Hi. We're here with Carl Tannenbaum, Chief Economist of Northern Trust, to talk about the state of public finance. Carl, great to see you.
Good to be with you, although I wish we were discussing a more pleasant topic.
Well, there has been a glimmer of hope on the federal deficit side. Are we seeing the same bit of progress at the state and local level?
Unfortunately, no. While our federal deficit has continued to shrink as a percentage of our economy, the problem at the state and local level says continue to grow. What one think tank called a $3 trillion problem a few years ago is now a $4 trillion problem, and it seems to be getting worse and worse.
So what are the challenges facing local governments? They're really coming from both sides of the income statement. On the revenue side, public bodies rely very heavily on sales taxes and property taxes. Sales taxes have eroded because many people buy things on the internet, and property taxes have declined because the housing market hasn't been as generous as it was prior to the crisis. If you raise income taxes, then you tend to push residents and businesses to other states where taxes are low.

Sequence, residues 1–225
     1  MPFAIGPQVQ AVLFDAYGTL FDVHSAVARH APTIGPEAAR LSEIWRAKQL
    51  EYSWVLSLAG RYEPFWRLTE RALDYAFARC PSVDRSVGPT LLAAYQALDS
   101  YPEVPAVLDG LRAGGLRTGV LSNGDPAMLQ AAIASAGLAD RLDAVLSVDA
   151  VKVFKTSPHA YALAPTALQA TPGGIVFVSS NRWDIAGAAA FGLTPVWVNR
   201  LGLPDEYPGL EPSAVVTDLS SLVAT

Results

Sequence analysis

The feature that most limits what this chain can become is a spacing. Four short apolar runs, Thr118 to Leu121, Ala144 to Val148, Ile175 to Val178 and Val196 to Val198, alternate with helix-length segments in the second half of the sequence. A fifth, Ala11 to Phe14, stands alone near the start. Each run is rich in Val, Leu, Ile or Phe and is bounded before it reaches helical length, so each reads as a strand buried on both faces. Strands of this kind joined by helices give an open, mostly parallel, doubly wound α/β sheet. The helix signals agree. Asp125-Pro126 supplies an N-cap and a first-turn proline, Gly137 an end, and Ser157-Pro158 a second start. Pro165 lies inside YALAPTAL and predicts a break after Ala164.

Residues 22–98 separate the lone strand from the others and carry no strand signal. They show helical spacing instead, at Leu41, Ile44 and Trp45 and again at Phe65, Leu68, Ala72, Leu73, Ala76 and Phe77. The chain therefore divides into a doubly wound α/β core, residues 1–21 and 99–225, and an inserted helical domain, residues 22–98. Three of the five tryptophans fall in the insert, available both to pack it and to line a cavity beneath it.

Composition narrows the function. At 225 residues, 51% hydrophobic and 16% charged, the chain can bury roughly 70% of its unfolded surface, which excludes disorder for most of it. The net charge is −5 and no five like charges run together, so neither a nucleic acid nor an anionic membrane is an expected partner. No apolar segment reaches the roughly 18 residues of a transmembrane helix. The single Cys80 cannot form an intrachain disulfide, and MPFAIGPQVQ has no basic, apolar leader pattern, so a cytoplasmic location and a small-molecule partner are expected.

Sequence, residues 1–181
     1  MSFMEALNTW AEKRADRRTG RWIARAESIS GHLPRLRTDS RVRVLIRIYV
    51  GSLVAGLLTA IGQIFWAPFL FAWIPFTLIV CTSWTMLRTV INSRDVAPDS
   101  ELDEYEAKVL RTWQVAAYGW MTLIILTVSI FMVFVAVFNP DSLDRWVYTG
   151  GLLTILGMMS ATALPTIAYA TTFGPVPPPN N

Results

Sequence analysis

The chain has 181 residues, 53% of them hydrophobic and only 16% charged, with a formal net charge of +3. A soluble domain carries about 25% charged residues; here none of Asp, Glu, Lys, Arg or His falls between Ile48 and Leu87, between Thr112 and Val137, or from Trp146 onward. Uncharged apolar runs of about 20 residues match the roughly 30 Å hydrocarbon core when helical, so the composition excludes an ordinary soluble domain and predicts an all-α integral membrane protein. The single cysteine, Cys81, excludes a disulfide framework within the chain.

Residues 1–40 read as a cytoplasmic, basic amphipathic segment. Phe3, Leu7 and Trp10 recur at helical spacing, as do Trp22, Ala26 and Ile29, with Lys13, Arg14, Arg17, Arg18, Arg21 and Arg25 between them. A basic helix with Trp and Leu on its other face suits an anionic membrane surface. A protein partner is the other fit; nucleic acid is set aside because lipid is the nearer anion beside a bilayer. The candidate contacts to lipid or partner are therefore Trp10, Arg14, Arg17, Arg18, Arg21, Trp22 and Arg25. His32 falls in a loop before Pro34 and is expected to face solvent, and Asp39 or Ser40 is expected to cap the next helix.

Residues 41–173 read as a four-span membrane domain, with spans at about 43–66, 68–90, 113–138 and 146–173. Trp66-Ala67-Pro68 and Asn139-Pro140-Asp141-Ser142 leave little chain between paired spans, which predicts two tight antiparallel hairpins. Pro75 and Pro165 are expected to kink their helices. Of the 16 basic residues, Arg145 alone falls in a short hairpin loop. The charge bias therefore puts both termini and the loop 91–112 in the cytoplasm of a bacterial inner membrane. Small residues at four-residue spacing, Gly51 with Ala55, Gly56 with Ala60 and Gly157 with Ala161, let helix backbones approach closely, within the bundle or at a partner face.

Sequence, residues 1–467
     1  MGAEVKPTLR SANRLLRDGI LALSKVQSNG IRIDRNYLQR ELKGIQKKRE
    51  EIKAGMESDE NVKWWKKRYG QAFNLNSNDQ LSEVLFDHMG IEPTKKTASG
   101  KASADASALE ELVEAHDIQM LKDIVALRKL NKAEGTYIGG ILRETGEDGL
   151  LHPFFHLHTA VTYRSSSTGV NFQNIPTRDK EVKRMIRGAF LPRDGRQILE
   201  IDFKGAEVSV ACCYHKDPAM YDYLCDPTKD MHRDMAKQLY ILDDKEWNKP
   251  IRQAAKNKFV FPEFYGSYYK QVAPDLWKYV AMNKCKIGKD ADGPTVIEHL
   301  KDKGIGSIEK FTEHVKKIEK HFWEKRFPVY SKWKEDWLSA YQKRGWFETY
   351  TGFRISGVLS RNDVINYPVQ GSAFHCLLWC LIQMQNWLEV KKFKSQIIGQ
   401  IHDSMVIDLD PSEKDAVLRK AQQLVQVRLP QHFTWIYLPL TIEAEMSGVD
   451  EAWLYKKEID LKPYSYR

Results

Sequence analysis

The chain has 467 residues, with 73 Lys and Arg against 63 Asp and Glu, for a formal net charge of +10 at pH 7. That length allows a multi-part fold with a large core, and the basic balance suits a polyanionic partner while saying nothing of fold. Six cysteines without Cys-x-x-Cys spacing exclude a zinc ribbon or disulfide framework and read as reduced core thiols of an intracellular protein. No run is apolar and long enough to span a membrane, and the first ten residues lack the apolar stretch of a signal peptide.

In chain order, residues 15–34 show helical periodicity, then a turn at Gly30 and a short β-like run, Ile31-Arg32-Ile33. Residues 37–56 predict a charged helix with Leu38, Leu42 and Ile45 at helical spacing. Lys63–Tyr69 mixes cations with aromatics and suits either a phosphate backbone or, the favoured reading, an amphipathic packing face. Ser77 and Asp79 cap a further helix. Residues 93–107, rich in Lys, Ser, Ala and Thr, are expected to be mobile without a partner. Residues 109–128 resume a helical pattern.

On the spending side, you have an aging population. And many states and localities have made pension and health promises to its public sector employees, and those pension gaps are frighteningly large in some places.
So what are the consequences of this fiscal stress at the local and state level?
There are local and also national consequences to this. The local consequences are that, if there's an uncertain fiscal situation, it's much less likely that people and firms will want to live in your area. But the real tragedy is that the inability of states to finance things that they're responsible for-- like economic infrastructure, like better education, the things that it will take to grow our economy over the next generation-- because state finances are in such poor shape, we're not doing as much of those things as we should. And that could carry over into the potential for the United States to enjoy good economic growth.
So what solutions are potentially available?
Unfortunately, there aren't many easy answers. I've been asked to get interest rates as high as possible as soon as possible as that would tend to ameliorate some of the pension problems that we have. But fundamentally, getting revenues and expenses closer together is going to take a lot of hard work by the politicians at state and local levels.
Thanks so much.